Ending “Solitary Confinement” of Youth in California
Sue Burrell and Ji Seon Song*
The United States juvenile justice system has experienced significant changes in the past
decade. Nowhere is this transformation more evident than in California. 1 Advocates have
succeeded in reversing many punitive measures imposed under the influence of the super-predator
mythology of the late 1980s and early 1990s. 2 The reforms have not been accompanied by
increased crime. In fact, juvenile arrests have fallen precipitously since their peak in 1980.3 The
population in California’s state juvenile prison system has plummeted from over 10,000 in 19964
to 658 in late 2018.5
On September 27, 2016, California reached another milestone in juvenile justice when
Governor Jerry Brown signed Senate Bill 1143, significantly restricting the use of locked room
*Sue Burrell is the Policy and Training Director for the Pacific Juvenile Defender Center, a San Francisco-based non-profit organization that works to improve the quality of legal representation and to assure fairness in California juvenile
proceedings. For much of the period discussed in this article, she was a Staff Attorney at the San Francisco-based
Youth Law Center. Ji Seon Song is the Thomas C. Grey Fellow and Lecturer in Law at Stanford University School of
Law. She serves on the Board of the Pacific Juvenile Defender Center, and for much of the period discussed in this
article, worked as an attorney for the Office of the Contra Costa County Public Defender.
1 See David Muhammad, California Is Becoming a Model of Juvenile Justice Reform, Thanks to Progressive
Legislation, JUV. JUST. INFO. EXCHANGE (Jan. 4, 2019).
2 The impact of “super-predator” mythology is discussed in Section II, infra. In addition to the legislation limiting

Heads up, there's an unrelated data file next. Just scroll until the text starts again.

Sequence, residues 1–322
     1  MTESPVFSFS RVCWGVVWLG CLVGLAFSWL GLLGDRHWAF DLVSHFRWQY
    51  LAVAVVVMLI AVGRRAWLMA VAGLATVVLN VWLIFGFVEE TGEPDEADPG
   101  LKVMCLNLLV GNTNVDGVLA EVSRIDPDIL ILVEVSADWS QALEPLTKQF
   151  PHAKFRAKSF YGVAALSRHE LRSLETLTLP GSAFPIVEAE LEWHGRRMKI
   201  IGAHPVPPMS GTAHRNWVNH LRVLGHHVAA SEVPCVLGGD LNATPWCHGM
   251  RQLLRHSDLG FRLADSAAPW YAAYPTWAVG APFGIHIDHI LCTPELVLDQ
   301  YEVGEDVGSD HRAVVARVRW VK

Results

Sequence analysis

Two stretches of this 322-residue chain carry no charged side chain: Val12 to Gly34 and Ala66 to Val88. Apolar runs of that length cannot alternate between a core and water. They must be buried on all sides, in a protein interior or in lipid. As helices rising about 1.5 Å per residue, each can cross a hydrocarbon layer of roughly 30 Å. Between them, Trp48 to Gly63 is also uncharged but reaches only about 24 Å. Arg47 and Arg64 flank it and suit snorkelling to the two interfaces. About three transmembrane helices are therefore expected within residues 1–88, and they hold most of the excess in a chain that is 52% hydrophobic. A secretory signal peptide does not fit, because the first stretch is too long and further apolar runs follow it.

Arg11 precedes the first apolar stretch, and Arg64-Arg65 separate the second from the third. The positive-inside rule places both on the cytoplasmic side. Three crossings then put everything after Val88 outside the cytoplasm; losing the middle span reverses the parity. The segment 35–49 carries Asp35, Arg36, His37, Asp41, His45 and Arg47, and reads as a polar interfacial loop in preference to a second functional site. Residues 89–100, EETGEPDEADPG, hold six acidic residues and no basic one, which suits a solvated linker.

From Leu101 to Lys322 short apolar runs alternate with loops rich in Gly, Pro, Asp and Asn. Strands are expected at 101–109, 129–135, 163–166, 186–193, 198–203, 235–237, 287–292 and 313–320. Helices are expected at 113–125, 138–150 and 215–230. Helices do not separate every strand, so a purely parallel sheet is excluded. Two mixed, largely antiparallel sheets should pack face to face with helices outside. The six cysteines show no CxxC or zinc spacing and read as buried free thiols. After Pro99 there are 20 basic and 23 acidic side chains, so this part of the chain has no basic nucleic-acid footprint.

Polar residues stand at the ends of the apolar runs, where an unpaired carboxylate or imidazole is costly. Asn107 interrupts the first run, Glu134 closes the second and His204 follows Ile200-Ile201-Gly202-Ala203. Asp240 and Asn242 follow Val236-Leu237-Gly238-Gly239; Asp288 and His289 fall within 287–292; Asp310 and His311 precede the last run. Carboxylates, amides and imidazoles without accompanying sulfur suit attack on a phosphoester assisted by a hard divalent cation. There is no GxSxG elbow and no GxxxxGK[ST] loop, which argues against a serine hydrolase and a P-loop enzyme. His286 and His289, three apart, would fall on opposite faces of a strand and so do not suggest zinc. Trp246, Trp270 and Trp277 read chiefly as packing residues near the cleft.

“room confinement” (the subject of this article), California has now prohibited the direct filing of cases against
juveniles in adult court by prosecutors; excluded 14- and 15-year-olds from eligibility for transfer to adult court except
in cases of delayed prosecution; excluded children under the age of 12 from prosecution as delinquents except in cases
of murder or specified sex cases; banned the practice of incarcerating truants for contempt; required that youth aged
15 and under in police custody be advised by an attorney before interrogation; limited the indiscriminate use of
shackling in juvenile courts and in transportation; guaranteed that youth receiving life without parole sentences in
adult court will eventually have a parole hearing; and limited fines and fees imposed on families. See CAL. WELF. &
INST. CODE § 707(a)( 1)(2016)(effective January 1, 2019); CAL. WELF & INST. CODE § 707(a)( 1)-( 2)(2016)(effective
January 1, 2019); CAL. WELF. & INST. CODE § 602(a)-(b) (2016)(effective January 1, 2019); CAL. WELF. & INST.
CODE § 601(b) (2014)(effective January 1, 2019); CAL. WELF. & INST. CODE § 625.6(a) (2017)(effective January 1,
2018); CAL. WELF. & INST. CODE § 210.6(a)( 1) (2017)(effective January 1, 2018); CAL. WELF. & INST. CODE §§
309(d)–(e) (2016) (effective January 1, 2019); CAL. PENAL CODE and CAL. WELF. & INST. CODE (2017). The text of
the bills is available on the California Legislative Information website,
http://leginfo.legislature.ca.gov/faces/billSearchClient.xhtml. See also Meredith Desautels & Ji Seon Song, Righting
the Ship on Juvenile Justice, S.F. DAILY J. (Oct. 27, 2017).
3 Mike Males, CTR. ON JUV. & CRIM. JUST., FACT SHEET: CALIFORNIA’S YOUTH AND YOUNG ADULT ARREST RATES
CONTINUE A HISTORIC DECLINE (Aug. 2016),
4 Dep’t of the Youth Auth. Research Div. Info. Sys. Unit, MONTHLY POPULATION REPORT AS OF MARCH 31, 1996,
5 Cal. Dep’t of Corr. & Rehab. Div. of Juv. Just. Corr. & Rehabilitation, FACILITY MOVEMENTS Oct. 1-31, 2018 (Nov.